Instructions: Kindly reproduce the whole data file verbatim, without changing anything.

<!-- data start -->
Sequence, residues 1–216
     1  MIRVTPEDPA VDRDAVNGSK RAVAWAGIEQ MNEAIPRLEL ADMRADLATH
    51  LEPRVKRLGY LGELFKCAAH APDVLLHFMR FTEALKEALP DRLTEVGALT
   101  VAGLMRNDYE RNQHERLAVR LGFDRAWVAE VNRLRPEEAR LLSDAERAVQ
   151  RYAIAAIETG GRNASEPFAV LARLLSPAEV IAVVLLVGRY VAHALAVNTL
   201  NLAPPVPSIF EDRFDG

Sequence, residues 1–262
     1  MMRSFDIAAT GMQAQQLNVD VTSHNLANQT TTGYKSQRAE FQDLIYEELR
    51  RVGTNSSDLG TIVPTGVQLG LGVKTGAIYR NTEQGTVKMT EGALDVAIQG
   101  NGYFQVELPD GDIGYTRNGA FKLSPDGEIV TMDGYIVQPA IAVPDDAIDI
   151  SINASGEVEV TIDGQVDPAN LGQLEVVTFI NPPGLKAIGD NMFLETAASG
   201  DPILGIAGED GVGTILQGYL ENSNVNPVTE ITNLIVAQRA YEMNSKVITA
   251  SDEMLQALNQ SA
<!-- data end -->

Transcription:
Sequence, residues 1–216
     1  MIRVTPEDPA VDRDAVNGSK RAVAWAGIEQ MNEAIPRLEL ADMRADLATH
    51  LEPRVKRLGY LGELFKCAAH APDVLLHFMR FTEALKEALP DRLTEVGALT
   101  VAGLMRNDYE RNQHERLAVR LGFDRAWVAE VNRLRPEEAR LLSDAERAVQ
   151  RYAIAAIETG GRNASEPFAV LARLLSPAEV IAVVLLVGRY VAHALAVNTL
   201  NLAPPVPSIF EDRFDG

Sequence, residues 1–262
     1  MMRSFDIAAT GMQAQQLNVD VTSHNLANQT TTGYKSQRAE FQDLIYEELR
    51  RVGTNSSDLG TIVPTGVQLG LGVKTGAIYR NTEQGTVKMT EGALDVAIQG
   101  NGYFQVELPD GDIGYTRNGA FKLSPDGEIV TMDGYIVQPA IAVPDDAIDI
   151  SINASGEVEV TIDGQVDPAN LGQLEVVTFI NPPGLKAIGD NMFLETAASG
   201  DPILGIAGED GVGTILQGYL ENSNVNPVTE ITNLIVAQRA YEMNSKVITA
   251  SDEMLQALNQ SA